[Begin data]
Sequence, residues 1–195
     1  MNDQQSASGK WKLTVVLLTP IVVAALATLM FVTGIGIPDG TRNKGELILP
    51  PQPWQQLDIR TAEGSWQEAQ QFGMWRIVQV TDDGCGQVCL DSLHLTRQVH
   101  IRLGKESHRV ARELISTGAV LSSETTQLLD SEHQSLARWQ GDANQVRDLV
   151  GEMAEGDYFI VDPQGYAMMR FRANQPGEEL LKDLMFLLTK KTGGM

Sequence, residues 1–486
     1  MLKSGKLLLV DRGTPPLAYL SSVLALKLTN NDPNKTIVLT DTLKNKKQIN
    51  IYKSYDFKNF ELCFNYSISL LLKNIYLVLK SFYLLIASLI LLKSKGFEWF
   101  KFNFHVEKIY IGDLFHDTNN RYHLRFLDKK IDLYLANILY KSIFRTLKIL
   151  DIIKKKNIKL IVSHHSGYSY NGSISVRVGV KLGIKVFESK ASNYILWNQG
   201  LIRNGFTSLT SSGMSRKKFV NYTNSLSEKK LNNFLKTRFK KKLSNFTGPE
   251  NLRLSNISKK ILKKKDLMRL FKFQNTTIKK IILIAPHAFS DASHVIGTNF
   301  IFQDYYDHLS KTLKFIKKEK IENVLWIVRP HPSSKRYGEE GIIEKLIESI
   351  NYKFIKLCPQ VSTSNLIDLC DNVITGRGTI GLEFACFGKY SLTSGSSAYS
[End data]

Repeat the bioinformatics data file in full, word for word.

Sequence, residues 1–195
     1  MNDQQSASGK WKLTVVLLTP IVVAALATLM FVTGIGIPDG TRNKGELILP
    51  PQPWQQLDIR TAEGSWQEAQ QFGMWRIVQV TDDGCGQVCL DSLHLTRQVH
   101  IRLGKESHRV ARELISTGAV LSSETTQLLD SEHQSLARWQ GDANQVRDLV
   151  GEMAEGDYFI VDPQGYAMMR FRANQPGEEL LKDLMFLLTK KTGGM

Sequence, residues 1–486
     1  MLKSGKLLLV DRGTPPLAYL SSVLALKLTN NDPNKTIVLT DTLKNKKQIN
    51  IYKSYDFKNF ELCFNYSISL LLKNIYLVLK SFYLLIASLI LLKSKGFEWF
   101  KFNFHVEKIY IGDLFHDTNN RYHLRFLDKK IDLYLANILY KSIFRTLKIL
   151  DIIKKKNIKL IVSHHSGYSY NGSISVRVGV KLGIKVFESK ASNYILWNQG
   201  LIRNGFTSLT SSGMSRKKFV NYTNSLSEKK LNNFLKTRFK KKLSNFTGPE
   251  NLRLSNISKK ILKKKDLMRL FKFQNTTIKK IILIAPHAFS DASHVIGTNF
   301  IFQDYYDHLS KTLKFIKKEK IENVLWIVRP HPSSKRYGEE GIIEKLIESI
   351  NYKFIKLCPQ VSTSNLIDLC DNVITGRGTI GLEFACFGKY SLTSGSSAYS